Deanna Thomas sails upon the good ship sushi at a Japanese place udon wanna miss
You’ll get none of that ‘New Year, new me’ stuff from me. No siree. What I’m after is more ‘New Year, old me’, as I attempt to fit back into my old clothes without the risk of buttons suddenly pinging off at great speed, causing a danger to those around me. So I’m on the lookout for places which serve low fat, low carb food, with maximum satisfaction.
Japan has an extremely low national obesity rate, compared to America, which is almost ten times more. There are socio-economic and cultural reasons for this, but on a basic level, a typical Japanese diet is full of raw fish, lean meat, filling broths and fresh vegetables. On the whole, the Japanese also take their time over preparation, presentation and eating, meaning that food tends to be savoured rather than wolfed down. Instead of slapping together a cheese sandwich wrapped in cling film for packed lunch, or grabbing a meal deal, they have elevated the bento box to an art form.
But Japanese restaurants can be expensive. Even a modest pile of plates at Yo Sushi! can make you wince at the till. If only Greater Manchester had a shokudo; the type of hole-in-the-wall restaurants where the locals eat….
Well, it turns out it has.
Kyotoya has been serving reasonably priced Japanese food in a little 26 seat restaurant on a side street off Withington village for years. From the outside it is easy to spot thanks to a traditional split curtain draped over the door, hanging red lanterns and good signage. Inside, it’s basic and a little cluttered but welcoming, and is the place to come for affordable sushi, sashimi, noodles, soup, katsu, donburi bowls and more.
On Friday lunchtime, the owner was valiantly (and happily) holding the fort, doing everything from taking orders, to cooking the food, clearing tables, washing up, answering the phone, issuing bills and taking money. But by the time we left his wife had joined him. They seemed to be doing a roaring trade in black lacquered bento boxes, which offer terrific value at around £7.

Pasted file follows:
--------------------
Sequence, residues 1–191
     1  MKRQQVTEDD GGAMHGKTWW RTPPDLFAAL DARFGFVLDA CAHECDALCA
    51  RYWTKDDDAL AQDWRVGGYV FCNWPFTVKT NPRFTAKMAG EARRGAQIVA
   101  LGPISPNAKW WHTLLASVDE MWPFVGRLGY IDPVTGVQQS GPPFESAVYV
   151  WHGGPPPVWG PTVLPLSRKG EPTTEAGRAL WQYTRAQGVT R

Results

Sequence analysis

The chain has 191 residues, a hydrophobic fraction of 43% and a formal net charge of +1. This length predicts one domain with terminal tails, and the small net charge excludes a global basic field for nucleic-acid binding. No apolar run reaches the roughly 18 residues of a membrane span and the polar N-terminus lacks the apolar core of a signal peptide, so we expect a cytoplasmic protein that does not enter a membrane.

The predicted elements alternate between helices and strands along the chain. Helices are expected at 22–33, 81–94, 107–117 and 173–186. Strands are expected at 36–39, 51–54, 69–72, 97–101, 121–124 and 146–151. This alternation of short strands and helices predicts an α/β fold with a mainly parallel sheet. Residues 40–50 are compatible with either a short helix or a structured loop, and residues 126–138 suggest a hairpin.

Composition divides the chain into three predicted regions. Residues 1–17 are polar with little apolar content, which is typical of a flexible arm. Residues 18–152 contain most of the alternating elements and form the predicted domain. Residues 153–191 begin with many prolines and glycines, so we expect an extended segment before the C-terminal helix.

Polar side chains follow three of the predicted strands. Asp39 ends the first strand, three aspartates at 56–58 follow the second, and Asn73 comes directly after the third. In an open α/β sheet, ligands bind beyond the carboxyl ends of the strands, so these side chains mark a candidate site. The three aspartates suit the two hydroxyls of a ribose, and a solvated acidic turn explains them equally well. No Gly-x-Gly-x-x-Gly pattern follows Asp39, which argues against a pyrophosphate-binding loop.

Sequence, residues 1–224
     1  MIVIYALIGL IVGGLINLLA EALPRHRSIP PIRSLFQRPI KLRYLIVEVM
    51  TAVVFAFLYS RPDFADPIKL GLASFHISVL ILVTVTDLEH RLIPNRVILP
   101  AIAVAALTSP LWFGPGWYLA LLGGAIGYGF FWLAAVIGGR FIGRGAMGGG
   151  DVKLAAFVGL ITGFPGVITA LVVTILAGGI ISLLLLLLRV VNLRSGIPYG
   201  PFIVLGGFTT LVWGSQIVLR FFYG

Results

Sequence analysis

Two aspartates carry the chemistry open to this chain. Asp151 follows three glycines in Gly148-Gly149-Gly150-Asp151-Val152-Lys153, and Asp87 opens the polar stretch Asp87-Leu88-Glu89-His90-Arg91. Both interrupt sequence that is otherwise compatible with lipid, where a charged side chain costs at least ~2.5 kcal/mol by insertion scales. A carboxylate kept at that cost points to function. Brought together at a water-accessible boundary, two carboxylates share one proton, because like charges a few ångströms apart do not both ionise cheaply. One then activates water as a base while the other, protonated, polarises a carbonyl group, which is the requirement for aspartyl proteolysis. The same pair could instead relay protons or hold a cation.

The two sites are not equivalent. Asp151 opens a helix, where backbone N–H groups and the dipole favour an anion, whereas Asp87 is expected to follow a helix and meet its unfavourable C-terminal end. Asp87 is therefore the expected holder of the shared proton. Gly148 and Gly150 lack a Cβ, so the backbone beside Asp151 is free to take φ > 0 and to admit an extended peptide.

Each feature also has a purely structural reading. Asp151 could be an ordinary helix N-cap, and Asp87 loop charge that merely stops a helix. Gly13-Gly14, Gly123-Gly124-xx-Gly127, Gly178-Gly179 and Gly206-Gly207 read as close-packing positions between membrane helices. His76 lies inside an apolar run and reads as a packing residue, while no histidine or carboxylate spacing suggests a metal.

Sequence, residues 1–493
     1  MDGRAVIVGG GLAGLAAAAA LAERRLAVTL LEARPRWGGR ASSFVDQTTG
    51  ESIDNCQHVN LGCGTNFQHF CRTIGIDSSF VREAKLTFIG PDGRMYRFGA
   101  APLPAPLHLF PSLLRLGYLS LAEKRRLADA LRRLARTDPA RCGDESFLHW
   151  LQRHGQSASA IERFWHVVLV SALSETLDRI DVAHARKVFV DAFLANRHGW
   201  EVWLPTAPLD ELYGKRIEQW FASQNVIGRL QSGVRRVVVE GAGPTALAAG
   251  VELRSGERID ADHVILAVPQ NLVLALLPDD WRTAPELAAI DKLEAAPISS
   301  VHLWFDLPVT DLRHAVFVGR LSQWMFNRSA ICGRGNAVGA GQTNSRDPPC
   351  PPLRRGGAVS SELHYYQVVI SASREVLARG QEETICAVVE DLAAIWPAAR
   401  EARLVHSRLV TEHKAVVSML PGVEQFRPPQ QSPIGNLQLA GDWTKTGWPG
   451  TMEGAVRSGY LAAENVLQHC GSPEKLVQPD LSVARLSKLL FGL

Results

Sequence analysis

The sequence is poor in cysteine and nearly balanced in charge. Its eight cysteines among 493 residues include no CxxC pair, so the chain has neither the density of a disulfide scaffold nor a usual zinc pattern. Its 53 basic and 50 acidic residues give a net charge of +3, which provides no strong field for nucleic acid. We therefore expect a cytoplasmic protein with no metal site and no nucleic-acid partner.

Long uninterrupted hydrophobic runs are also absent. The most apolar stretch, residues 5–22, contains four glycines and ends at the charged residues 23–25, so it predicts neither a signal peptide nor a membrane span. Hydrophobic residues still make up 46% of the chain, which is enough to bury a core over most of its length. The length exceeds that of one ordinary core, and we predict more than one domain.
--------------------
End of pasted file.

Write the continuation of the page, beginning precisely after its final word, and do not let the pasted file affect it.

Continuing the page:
We wanted to push the boat out and order a bit of everything – which turned out to be literal, as sixteen pieces of assorted maki, nigiri and sashimi (for an astounding £13) were presented to us in a purpose built wooden boat. From now on I want all my food served in some kind of miniature form of transportation.
It’s also worth noting that everything seems to be made to order behind the counter, so prepare to be patient. We didn’t mind, but despite our huge impeding order, the owner, a natural ‘feeder’, sent over a freebie of crispy subuta (sweet and sour) chicken to tide us over.
The rectangles of rice that form the base of Kyotoya’s nigiri are nowhere like the mass produced tight blocks you’ll find in supermarkets. Maki rolls (avocado and cucumber with a touch of mayo) are larger than average and you’ll need to throw them into your mouth quickly after a dip in soy sauce. Their looseness made them difficult to pick up with chopsticks, but the extra oxygen circulating round the grains (plus the fact that it wasn’t fridge cold) seemed to enhance their taste. In our boat sat rice topped with sweet egg and nori, octopus, prawn, raw salmon and tuna and a little inari parcel.
Chicken gyoza (6 for £4.50) were the best dumplings I’ve had outside Japan – but I’ve never been, so all the dumplings I’ve ever eaten have been outside Japan.
Teriyaki beef (£10) was perfect in its simplicity – served soaked in the sweet salty brown marinade, topped with sesame and spring onion with a small bowl of rice and a side plate of flash fried beansprouts. The cut of beef wasn’t specified, it wasn’t cooked particularly rare and absolutely none of that mattered.
Salt and pepper king prawns (£12) from the specials section were generous, crunchy, salty and peppery. I’ll never know how they get vegetables to taste smoky and charred but still be crunchy and almost raw. It’s more than a particular cooking style, utensil or oil, it’s magic.
The same can be said for the whole ‘soup noodle’ section of the menu – although we only tried the chicken soup udon (£6). The broth managed to hit every note, there was both a slight sweetness and a rich savouriness. Every spoonful brought up a new treasure; super fresh cabbage or a bit of carrot. In the centre was a glorious pile of noodles and on top, tender chicken thigh. Honestly, if I had to eat this every day for a year, I would be happy.
Kyotoya is everything that I love; delicious food that doesn’t hide behind deep-fried shortcuts, reasonable prices and owners who treat their restaurant like it’s an extension of their home. I think I bowed to them as I left, not in a clumsy attempt at cultural formality, but because I was genuinely thankful.
Kyotoya, 28 Copson Street, M20 3HB Tel: 0161 445 2555
All scored reviews are unannounced, impartial, paid for by Confidential and completely independent of any commercial relationship. Venues are rated against the best examples of their type: 1-5: saw your leg off and eat it, 6-9: Netflix and chill, 10-11: if you're passing, 12-13: good, 14-15: very good, 16-17: excellent, 18-19: pure class, 20: cooked by God him/herself.
Chicken gyoza 8, sushi boat 7, teriyaki beef 7, salt and pepper prawns 7, chicken noodle soup 9
The owner did the work of three
Basic but welcoming